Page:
A key passage in the discussion on where Jesus was for the three days in between His death and resurrection is 1 Peter 3:18–19, which says, “Christ also suffered once for sins, the righteous for the unrighteous, that he might bring us to God, being put to death in the flesh but made alive in the spirit, in which he went and proclaimed to the spirits in prison” (ESV). The word spirit refers to Christ’s spirit. The contrast is between His flesh and spirit, and not between Christ’s flesh and the Holy Spirit. Christ’s flesh died, but His spirit remained alive. Jesus’ body was in the tomb, of course, but His spirit, having departed at His death (Matthew 27:50), was elsewhere for those three days.
Peter gives a little bit of specific information about what happened in those three days between Jesus’ death and resurrection. The KJV says that Jesus “preached” to the spirits in prison (1 Peter 3:19). The Greek word used simply means that Jesus “heralded a message”; the NIV translates it as “made proclamation.” Jesus suffered and died on the cross, His body being put to death. But His spirit was still alive, and He yielded it to the Father (Luke 23:46). According to Peter, sometime between Jesus’ death and His resurrection Jesus made a special proclamation to some imprisoned spirits.
Where were these imprisoned spirits to whom Jesus spoke between His death and resurrection? Nowhere in the Bible are we told that Jesus visited hell. The idea that Jesus went to hell in order to continue His suffering is unbiblical; His suffering ended when He said, “It is finished” upon the cross (John 19:30). The New American Standard Bible says that Jesus went to “Hades” (Acts 2:31), but Hades is not hell. Hades is a term that refers, broadly, to the realm of the dead, a temporary place where the dead await resurrection. Revelation 20:11–15 in the NASB and the NIV makes a clear distinction between Hades and the lake of fire. The lake of fire is the permanent, final place of judgment for the lost. Hades is a temporary place for both the lost and the Old Testament saints.
Our Lord Jesus yielded His spirit to the Father, died physically, and entered paradise, as He had promised the thief on the cross (Luke 23:43). At some time between His death and resurrection, Jesus also visited a place where He delivered a message to spirit beings—probably fallen angels (see Jude 1:6); these spirits were probably imprisoned because they were somehow involved in a grievous sin before the flood in Noah’s time (1 Peter 3:20). Peter does not tell us what Jesus proclaimed to the imprisoned spirits, but it could not have been a message of redemption, since angels cannot be saved (Hebrews 2:16). What Jesus proclaimed was probably a declaration of His victory over Satan and his hosts (1 Peter 3:22; Colossians 2:15).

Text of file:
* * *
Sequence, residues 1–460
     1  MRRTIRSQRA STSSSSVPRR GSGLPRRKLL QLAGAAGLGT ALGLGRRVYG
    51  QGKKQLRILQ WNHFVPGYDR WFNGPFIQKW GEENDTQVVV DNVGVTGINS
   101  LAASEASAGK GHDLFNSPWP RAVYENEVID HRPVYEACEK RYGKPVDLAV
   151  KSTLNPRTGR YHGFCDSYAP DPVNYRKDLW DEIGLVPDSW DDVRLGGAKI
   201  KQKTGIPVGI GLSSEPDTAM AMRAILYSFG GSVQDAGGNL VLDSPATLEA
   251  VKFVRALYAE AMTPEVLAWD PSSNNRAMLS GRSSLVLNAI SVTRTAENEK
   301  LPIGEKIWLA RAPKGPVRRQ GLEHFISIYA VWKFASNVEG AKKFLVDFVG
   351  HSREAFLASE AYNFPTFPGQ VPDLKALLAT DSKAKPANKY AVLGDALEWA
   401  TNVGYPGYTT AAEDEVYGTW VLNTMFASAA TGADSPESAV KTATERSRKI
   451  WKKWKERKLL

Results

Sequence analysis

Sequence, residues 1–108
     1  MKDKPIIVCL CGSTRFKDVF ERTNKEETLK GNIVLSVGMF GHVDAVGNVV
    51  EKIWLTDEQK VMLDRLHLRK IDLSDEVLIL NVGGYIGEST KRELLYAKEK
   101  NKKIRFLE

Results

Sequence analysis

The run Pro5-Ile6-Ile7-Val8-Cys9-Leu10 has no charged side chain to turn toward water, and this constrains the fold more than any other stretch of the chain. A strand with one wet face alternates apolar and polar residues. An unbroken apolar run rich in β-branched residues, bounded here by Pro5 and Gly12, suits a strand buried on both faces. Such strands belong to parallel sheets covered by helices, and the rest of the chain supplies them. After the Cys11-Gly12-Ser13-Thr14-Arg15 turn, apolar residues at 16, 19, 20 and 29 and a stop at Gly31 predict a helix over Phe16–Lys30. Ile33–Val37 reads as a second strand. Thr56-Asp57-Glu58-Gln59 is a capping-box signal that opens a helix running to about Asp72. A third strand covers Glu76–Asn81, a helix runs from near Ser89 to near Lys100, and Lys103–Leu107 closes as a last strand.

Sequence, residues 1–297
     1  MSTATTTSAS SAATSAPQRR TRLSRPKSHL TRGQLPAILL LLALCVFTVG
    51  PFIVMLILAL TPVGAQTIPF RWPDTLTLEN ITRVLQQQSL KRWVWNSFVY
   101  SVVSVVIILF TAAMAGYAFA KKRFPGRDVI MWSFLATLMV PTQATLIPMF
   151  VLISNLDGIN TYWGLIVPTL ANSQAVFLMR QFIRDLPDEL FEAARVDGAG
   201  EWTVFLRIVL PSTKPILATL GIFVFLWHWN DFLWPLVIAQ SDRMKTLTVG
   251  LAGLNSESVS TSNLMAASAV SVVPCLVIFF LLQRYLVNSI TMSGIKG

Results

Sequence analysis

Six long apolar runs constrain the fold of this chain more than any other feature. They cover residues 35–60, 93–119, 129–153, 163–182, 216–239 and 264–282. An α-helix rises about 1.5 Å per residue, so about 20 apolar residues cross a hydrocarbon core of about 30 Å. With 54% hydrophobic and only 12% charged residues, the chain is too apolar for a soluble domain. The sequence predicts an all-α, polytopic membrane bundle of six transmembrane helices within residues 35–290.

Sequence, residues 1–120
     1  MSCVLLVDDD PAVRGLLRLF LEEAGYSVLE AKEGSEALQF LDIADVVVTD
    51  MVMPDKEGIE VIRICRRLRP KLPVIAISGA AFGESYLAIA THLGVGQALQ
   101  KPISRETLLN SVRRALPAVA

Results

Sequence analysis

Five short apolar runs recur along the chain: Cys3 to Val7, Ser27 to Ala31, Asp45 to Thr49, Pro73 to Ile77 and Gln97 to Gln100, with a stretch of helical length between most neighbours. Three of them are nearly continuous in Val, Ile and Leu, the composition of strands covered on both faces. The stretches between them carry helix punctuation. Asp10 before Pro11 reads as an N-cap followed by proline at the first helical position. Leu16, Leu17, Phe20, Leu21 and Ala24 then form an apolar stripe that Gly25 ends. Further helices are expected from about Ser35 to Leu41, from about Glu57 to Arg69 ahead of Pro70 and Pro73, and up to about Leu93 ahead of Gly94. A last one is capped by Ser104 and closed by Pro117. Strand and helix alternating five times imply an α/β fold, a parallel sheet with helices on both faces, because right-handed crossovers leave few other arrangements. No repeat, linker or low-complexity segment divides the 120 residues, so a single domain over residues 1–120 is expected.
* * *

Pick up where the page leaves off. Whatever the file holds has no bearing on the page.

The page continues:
Ephesians 4:8–10 may give another clue regarding Jesus’ activities in the three days between His death and resurrection. Quoting Psalm 68:18, Paul says about Christ, “When he ascended on high, he took many captives” (Ephesians 4:8). The ESV puts it that Christ “led a host of captives.” This could refer to an event not elsewhere described in Scripture, namely, that Jesus gathered all the redeemed who were in paradise and took them to their permanent dwelling in heaven. That is, after securing their salvation on the cross, Jesus brought Abraham, David, Joshua, Daniel, the beggar Lazarus, the thief on the cross, and everyone else who had previously been justified by faith, and led them from Hades to their new spiritual home.
All of this is to say that the Bible isn’t entirely clear what exactly Christ did for the three days between His death and resurrection. From what we can tell, though, He did two things: He comforted the departed saints and brought them to their eternal home, and He proclaimed His victory over the fallen angels who are kept in prison. What we can know for sure is that Jesus was not giving anyone a second chance for salvation; we face judgment after death (Hebrews 9:27), not a second chance. Also, Jesus was not suffering in hell; His work of redemption was finished on the cross.
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